Can the IRS Audit You 3 Years in a Row?

Navigating IRS Audit Time Frames and Exceptions

The Internal Revenue Service (IRS) plays a crucial role in ensuring compliance with tax laws and regulations. As part of its responsibilities, the IRS conducts audits to verify the accuracy of tax returns and assess potential discrepancies. Understanding the time frames and exceptions associated with IRS audits is essential for taxpayers to navigate the process effectively.

General Audit Time Frame

In most cases, the IRS has a three-year window to audit a tax return. This period begins from the date the return was filed or the due date for filing, whichever is later. Within this three-year window, the IRS can request additional information, examine records, and make adjustments to the tax liability.

Extended Audit Time Frame

In certain circumstances, the IRS may extend the audit period beyond three years. This typically occurs when the IRS identifies substantial errors or omissions on the tax return. The extended audit period can go back up to six years from the filing date or due date.

Unlimited Audit Time Frame

In rare cases, the IRS may have an unlimited amount of time to audit a tax return. This applies to situations where:

  • Unfiled Tax Return: If a taxpayer fails to file a tax return, the IRS has an indefinite period to audit the return once it is filed.

  • Fraud or Evasion: If the IRS has evidence of fraud or tax evasion, it can audit the return indefinitely, regardless of the time frame.

Multiple Audits in a Row

The IRS can conduct multiple audits of a taxpayer in a row. However, this is not a common practice. Generally, the IRS will focus on resolving the current audit before initiating a new one. However, if the IRS discovers new information or has reason to believe that previous audits were incomplete or inaccurate, it may conduct additional audits.

The IRS has a general three-year time frame to audit tax returns. However, this period can be extended to six years in cases of substantial errors or omissions. In rare cases, the IRS may have an unlimited amount of time to audit a return if it involves unfiled returns or fraud. While multiple audits in a row are possible, they are not common. Taxpayers should be aware of the IRS audit time frames and cooperate with the IRS during the audit process to ensure a fair and accurate resolution.

How Far Back Can The IRS Audit YOU? | Tax Lawyer David Greene Explains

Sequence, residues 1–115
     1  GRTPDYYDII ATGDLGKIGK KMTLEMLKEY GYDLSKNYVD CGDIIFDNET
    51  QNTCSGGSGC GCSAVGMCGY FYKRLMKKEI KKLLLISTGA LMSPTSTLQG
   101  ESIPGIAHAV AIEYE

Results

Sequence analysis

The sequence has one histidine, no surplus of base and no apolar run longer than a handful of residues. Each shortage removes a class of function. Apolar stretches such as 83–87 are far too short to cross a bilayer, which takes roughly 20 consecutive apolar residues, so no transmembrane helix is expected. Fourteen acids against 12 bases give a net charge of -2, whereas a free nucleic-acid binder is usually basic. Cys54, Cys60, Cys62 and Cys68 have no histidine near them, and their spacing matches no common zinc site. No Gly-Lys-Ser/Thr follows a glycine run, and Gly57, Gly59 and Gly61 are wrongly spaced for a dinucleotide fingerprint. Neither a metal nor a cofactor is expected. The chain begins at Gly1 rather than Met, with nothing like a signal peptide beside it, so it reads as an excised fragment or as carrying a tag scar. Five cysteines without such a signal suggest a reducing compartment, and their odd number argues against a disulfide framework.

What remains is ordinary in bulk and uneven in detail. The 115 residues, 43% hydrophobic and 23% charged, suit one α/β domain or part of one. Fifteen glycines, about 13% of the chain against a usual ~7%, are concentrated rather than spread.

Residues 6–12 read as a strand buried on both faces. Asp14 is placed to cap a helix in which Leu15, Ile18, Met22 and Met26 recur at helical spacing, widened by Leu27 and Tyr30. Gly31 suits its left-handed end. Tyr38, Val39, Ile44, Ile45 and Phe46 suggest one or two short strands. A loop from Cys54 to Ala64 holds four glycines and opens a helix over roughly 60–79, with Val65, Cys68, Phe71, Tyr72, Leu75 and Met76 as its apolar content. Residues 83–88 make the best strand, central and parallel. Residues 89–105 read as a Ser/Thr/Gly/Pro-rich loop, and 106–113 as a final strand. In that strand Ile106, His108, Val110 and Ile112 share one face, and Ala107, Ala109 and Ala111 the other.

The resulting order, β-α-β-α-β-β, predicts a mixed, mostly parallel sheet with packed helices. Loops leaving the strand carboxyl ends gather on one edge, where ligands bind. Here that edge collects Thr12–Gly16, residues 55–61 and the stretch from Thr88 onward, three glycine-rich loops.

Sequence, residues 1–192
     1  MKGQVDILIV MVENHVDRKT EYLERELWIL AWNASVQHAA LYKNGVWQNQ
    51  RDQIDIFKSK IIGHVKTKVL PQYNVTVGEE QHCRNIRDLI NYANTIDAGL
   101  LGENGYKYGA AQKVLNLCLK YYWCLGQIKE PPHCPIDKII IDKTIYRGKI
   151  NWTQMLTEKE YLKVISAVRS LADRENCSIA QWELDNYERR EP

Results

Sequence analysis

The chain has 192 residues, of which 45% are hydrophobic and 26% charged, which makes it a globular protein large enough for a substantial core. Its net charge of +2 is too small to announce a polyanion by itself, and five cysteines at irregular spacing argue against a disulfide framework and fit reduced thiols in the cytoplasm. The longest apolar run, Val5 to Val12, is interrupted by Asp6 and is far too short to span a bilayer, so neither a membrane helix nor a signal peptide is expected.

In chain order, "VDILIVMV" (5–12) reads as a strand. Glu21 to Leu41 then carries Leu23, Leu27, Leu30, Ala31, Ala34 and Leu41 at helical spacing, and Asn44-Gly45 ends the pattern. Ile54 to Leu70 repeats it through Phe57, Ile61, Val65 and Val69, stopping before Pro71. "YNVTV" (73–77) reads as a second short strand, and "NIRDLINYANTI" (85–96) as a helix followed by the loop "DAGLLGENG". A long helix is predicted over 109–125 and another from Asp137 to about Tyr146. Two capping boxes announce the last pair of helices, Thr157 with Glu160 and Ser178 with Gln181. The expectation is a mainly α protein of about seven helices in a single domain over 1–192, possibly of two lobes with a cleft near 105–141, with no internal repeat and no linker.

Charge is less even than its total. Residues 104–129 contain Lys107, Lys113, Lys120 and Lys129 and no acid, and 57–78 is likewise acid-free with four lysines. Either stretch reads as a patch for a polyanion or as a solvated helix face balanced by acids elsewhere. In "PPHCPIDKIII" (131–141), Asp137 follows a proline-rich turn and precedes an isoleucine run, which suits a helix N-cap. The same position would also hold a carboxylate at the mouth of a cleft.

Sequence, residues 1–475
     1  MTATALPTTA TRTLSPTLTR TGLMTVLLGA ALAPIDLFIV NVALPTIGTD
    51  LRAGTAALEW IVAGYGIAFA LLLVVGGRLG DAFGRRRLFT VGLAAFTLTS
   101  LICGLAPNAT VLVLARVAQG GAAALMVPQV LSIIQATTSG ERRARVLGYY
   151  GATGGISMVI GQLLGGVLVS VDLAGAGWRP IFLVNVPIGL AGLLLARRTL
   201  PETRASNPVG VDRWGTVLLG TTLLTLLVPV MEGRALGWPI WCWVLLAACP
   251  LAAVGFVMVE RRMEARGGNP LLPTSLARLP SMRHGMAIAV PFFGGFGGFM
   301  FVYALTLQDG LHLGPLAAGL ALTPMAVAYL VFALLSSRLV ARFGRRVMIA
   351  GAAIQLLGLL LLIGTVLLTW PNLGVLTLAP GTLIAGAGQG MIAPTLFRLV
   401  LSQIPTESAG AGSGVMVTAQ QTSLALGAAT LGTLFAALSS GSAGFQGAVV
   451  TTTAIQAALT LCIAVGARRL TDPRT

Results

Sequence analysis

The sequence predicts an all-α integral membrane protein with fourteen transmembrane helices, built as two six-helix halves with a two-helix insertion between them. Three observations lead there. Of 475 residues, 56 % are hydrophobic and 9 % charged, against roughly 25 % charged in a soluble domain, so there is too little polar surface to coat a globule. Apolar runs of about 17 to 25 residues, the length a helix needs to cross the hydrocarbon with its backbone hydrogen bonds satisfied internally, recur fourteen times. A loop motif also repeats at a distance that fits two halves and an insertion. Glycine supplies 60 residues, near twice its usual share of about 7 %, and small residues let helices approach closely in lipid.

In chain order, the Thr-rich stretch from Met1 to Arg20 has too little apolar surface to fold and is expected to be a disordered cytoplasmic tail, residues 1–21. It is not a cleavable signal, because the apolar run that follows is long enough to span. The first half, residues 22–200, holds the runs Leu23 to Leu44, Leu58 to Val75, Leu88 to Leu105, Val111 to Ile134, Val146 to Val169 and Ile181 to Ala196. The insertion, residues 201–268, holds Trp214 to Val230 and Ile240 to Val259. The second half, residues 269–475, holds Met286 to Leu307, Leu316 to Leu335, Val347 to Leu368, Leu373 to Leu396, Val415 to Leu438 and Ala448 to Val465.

Can I get audited 3 years in a row?

Yes, the IRS can audit you for several years in a row. However, if they have audited you on the same issue and you have won the dispute, they will be limited to how many times they can audit you.

How frequently can IRS audit you?

The IRS is not limited to the number of times they can audit you. If they decide that they want to audit you every year for the rest of your life, that’s in their power, absent and proving that a rogue IRS agent has a personal vendetta against you.

Can you be audited multiple times?

There is no limit on how many times the IRS may audit a taxpayer or audit tax returns. However, the IRS cannot audit you for a particular tax year again, unless you or the Secretary of the Treasury request the new audit.

What is the IRS repetitive audit policy?

The Internal Revenue Manual has a “repetitive examinations” procedure (IRM 4.10. 2.8. 5). This procedure states that if a taxpayer has been audited with no changes or just minor changes within the past two years on the same items being audited this year, the auditor is to cancel the audit.

How long can the IRS audit you?

The typical audit statute is for 3 years. In some circumstances such as foreign income or substantial underreporting, the IRS can audit you for 6 years. When the matter involves an unfiled tax return or civil tax fraud, the IRS can audit you, indefinitely. In other words, under the latter two scenarios, the statute of limitations would not expire.

How many years can a tax return be audited?

Generally, the IRS can include returns filed within the last three years in an audit. If we identify a substantial error, we may add additional years. We usually don’t go back more than the last six years. The IRS tries to audit tax returns as soon as possible after they are filed.

How long does it take to audit a tax return?

Here are the common IRS Statute lengths of time to audit. In most situations, the IRS can go back three years. That means if your 2016 tax return was due April 2017, the IRS has three years from April 2017 to audit you (if you file the return timely, either before or on the April due date).

Does the IRS need more time to audit?

Frequently, the IRS says it needs more time to audit. The IRS will ask you to sign a form extending the statute of limitations, usually for a year. If you don’t sign, the IRS will send you a tax bill, usually based on unfavorable assumptions. Most tax advisers generally tell clients to agree to the extension.

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